Heading A Parade Can Be Dangerous.

One of my favorite places to snorkel is in an oyster reef. I used to take my small mesh dive bag with a pry bar and hunt down the elusive shell fish with cunning expertise. I would work my way down the reef, prying off the oysters, filling up my bag and a parade would start.

 I was the leader of the parade. When the oysters got pried off, there would be an occasional crushed mussel and well as murky, nutrient rich sediment soup which attracted marine life. There’d be little sea bass, finger long sharks, crabs and all manner of creatures waiting for the oyster that would break open. Once an oyster had broken open, it would only take a second for something to snag the oyster’s innards away from me, disappearing in murky water with a flash of scales. 

Often I would pause to wait for the sediment fog to lift and notice the parade waiting for me to pick up again. Once I felt something nudge me. I waited for the sediment to clear but saw nothing so I continued until I got nudged again. Again, I waited for the sediment to clear and saw nothing. As I resumed, I saw the deadly moray eel come out of the rocks and nudge the back of my hand. Those things have been known to rip diver’s hands off. All he wanted was to let me know he lived in those rocks and wanted me to be careful as I went by.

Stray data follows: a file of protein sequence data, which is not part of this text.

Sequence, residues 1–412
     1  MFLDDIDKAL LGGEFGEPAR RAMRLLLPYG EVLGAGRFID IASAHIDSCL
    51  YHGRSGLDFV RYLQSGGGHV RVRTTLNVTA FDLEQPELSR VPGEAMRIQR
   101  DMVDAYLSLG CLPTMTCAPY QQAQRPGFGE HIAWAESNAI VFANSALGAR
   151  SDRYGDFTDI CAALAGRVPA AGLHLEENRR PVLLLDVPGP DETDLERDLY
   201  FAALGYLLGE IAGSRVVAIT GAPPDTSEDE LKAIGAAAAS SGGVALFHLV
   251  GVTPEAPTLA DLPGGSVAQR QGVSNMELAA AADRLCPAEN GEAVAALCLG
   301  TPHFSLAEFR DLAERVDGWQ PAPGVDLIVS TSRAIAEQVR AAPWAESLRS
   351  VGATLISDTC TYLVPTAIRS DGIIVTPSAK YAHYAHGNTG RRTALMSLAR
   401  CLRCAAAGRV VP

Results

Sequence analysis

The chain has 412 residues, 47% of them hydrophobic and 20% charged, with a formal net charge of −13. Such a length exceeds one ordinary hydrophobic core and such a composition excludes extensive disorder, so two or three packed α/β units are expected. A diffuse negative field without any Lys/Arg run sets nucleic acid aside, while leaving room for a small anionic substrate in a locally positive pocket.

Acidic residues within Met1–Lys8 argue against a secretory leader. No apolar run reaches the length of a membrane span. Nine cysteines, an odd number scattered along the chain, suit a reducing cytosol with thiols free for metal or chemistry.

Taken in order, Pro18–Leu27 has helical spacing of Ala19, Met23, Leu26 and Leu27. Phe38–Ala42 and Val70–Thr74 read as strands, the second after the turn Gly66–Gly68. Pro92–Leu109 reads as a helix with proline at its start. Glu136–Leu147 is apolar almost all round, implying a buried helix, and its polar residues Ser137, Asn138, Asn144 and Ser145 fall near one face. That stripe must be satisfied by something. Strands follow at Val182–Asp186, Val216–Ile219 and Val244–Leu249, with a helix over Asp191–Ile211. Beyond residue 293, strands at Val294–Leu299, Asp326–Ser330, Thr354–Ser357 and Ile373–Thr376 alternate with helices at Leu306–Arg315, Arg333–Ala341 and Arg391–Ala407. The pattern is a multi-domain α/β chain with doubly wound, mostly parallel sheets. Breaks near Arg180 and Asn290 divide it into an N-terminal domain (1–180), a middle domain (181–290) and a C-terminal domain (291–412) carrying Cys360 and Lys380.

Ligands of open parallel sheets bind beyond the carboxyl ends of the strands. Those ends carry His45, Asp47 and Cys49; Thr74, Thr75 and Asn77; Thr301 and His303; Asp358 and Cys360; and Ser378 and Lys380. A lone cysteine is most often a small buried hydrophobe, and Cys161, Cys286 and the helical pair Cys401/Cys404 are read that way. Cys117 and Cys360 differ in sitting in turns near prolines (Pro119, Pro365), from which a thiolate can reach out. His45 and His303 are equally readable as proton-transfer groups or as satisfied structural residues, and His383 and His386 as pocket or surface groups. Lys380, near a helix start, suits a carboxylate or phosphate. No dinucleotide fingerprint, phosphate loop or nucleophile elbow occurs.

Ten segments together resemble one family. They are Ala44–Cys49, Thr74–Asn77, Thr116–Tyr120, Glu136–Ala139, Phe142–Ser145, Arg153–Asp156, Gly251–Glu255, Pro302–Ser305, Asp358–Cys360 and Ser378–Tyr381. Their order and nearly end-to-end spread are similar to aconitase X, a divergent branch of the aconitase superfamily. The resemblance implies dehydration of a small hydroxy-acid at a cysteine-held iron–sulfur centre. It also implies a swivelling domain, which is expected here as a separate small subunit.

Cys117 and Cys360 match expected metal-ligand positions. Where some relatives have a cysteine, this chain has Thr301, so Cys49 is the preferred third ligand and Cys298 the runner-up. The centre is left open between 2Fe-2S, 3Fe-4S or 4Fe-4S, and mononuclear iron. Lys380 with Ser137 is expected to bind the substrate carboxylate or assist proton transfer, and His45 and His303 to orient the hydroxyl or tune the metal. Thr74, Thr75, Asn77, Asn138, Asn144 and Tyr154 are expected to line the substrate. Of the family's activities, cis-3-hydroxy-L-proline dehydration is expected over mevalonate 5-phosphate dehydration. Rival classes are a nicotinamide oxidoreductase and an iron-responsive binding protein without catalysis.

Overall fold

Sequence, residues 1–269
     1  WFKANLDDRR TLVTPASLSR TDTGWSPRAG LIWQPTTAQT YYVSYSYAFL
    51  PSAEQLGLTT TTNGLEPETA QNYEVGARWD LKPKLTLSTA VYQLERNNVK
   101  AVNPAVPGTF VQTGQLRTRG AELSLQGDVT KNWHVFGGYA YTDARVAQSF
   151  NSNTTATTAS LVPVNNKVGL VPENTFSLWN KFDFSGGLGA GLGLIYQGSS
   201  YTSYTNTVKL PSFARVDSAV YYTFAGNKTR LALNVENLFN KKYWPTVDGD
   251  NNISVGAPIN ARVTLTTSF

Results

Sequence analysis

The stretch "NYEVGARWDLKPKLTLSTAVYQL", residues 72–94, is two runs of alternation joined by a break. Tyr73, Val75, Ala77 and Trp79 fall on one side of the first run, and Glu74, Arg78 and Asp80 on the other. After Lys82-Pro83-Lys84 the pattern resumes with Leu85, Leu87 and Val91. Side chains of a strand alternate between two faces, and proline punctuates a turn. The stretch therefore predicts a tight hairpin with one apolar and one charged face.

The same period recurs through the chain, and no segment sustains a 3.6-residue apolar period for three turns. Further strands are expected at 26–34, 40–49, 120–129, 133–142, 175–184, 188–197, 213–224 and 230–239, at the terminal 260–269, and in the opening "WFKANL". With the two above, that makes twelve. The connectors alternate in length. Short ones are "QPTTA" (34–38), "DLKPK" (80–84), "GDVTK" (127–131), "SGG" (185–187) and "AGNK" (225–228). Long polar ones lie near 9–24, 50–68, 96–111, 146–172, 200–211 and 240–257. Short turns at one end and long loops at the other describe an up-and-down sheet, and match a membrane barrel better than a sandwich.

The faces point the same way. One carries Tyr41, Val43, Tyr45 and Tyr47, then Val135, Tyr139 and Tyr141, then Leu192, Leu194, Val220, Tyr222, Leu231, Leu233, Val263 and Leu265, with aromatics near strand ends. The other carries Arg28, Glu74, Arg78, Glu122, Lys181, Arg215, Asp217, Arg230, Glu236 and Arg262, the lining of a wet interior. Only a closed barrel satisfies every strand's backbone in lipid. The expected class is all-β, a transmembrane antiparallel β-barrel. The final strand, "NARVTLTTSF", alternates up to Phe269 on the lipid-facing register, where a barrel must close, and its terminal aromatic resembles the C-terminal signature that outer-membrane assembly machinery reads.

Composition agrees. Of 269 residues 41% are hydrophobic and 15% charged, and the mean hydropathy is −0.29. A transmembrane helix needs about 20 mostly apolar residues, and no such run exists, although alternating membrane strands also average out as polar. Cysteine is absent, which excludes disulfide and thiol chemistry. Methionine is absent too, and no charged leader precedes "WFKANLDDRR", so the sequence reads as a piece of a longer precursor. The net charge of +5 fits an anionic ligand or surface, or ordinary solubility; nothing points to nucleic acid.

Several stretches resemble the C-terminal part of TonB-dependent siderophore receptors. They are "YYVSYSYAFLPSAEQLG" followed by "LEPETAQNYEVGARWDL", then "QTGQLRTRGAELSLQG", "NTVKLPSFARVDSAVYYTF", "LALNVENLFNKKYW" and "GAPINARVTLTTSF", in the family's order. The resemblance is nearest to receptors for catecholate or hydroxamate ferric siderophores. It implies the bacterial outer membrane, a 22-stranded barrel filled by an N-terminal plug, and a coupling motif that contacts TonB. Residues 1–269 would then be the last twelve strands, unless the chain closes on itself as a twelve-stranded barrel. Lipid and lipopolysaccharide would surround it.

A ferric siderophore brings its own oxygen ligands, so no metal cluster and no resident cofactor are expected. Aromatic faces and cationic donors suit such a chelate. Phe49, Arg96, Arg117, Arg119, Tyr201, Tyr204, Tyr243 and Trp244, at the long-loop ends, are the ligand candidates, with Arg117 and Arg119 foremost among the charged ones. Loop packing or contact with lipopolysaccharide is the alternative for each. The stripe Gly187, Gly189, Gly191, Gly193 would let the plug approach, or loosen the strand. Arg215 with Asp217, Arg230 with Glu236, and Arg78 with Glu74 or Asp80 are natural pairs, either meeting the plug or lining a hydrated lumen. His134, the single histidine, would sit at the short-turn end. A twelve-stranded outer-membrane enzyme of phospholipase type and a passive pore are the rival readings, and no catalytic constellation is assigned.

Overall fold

Heading a parade can be dangerous.

WonderWartHog WonderWartHog
26-30, M
Mar 7, 2010